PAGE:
The cemetery has grown since I was here in 2011, but the people are the same. There is a community of concerned people here to console those in grief and celebrate life every other day.
Filed under: Uncategorized
I’ve been two weeks away from home and ready to finish this trip.
South Africa was great! We spent most of our time working with, and meeting with, people from the Ondini Circuit of the Evangelical Lutheran Church in Southern Africa. This is an area of poor blacks who have little hope, but great faith.
Our projects have been aimed at feeding and giving jobs to the local people. Our partnership is developing demonstration garden projects in the area helping with irrigation and fencing. Most animals seem to run fenceless in the area so a fence is essential. In the winter there is no rain so pumps and piping are needed to get water from non-seasonal creeks.
It was winter in South Africa when we were there. Temperature can get below freezing, but when the sun comes out things warm up nicely. They were growing cabbage, onions, salad greens and carrots now. Soon the rains will fall and they will switch to warmer season crops.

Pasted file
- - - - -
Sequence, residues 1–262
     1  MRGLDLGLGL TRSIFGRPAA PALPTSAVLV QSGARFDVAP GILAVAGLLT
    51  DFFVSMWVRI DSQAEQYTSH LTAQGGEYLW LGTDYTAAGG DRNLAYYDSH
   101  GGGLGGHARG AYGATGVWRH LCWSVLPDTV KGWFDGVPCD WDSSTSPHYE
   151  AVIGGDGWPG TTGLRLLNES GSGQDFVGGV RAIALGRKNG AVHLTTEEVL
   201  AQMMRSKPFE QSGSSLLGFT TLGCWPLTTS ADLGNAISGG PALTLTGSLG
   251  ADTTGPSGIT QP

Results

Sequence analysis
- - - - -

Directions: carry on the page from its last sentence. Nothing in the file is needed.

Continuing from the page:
There is a great disparity between white owned areas and black owned areas. White farms are only a bit behind U.S. farms. Those in the black areas lack funding, education and land to do more than supplement their meager incomes. Nationally South African unemployment is terrible, in the rural areas it is almost complete. One of the congregations we worked with has just short of 400 members with only 22 employed. They have no chance for advancement without food and jobs.
South Africa brags about the fact that 85% of the country now has water piped to their houses. In the rural areas electricity and water can both be inconsistent. Most rural homes do not have water heaters, water is warmed over an open LP gas (bottle gas) fire.
There is a huge safety net for the poor. Old age grants and aid to parents is available, but nowhere near sufficient. Many single mothers are trying to live on the $31/month the government pays.